by Angie Enyedi, NWS Jacksonville
The Honey Prairie wildfire continued to burn across the Okefenokee Swamp the evening of May 8th. The plume from the fire was very thick and, around 5 pm, extended generally east of the fire. Visibilities as low a 1 mile were reported in Kingsland, Georgia, about 40 miles ENE of the ground fire. Prevailing surface winds at the Jacksonville International Airport (JAX), were expected to remain WSW through the evening, which would keep the smoke north of the airport terminal. However, between 5:30 pm and 6 pm local time, winds shifted to the NNE at JAX and the smoke plume invaded the terminal's skies. What caused the wind shift?
At 5 pm, the JAX observation reported surface winds from the NW. The visible satellite image from 5:15 pm EDT showed the southern edge of the smoke plume north of JAX, and the observation reported P6SM visibility (greater than 6 statute miles for surface visibility). A quick glance at the 0.5 degree elevation slice from the NWS Jacksonville 88-D Radar showed the east coast sea breeze front making slow progress inland (prevailing WSW flow today), but also an interesting boundary moving slowly SSE north of JAX. This boundary looked like it coincided with the southern fringe of the smoke plume. At this time, it is believed that this boundary developed due to the thermal gradient between the cooler air under the thick smoke plume and the warmer air just outside of the plume, where JAX was reporting 90 degrees at 5 pm. This boundary was slowly moving SSE as the coast sea breeze approached from the east, both headed toward JAX. Please refer to Image 1, satellite and radar data from just before 5 pm through about 5:15 pm.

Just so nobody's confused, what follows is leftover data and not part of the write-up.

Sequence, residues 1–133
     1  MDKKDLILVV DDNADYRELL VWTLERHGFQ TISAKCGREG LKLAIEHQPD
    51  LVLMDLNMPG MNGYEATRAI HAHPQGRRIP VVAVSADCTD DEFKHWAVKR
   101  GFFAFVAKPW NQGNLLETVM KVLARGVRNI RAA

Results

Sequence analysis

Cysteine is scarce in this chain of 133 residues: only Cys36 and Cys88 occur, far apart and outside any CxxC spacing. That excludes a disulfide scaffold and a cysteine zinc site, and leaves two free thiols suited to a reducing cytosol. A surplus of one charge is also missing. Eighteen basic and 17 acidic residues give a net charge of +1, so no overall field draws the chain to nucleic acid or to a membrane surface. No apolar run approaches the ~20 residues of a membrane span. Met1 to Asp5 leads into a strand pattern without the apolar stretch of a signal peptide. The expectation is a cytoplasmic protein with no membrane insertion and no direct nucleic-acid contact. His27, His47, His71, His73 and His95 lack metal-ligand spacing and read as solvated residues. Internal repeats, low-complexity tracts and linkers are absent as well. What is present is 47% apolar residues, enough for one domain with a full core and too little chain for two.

By 6 pm, the two boundaries merged just north of JAX, then the hybrid boundary moved south-southwest and crossed JAX by 6 pm. The observation from JAX at 6 pm reported a temperature drop to 84 degrees and wind shift to the northeast. Visibility was 4SM due to smoke. Please refer to Image 2 for satellite and radar data between 5:31 pm and 6 pm.
It is amazing how microscale meteorology can alter the weather so quickly and create drastic changes!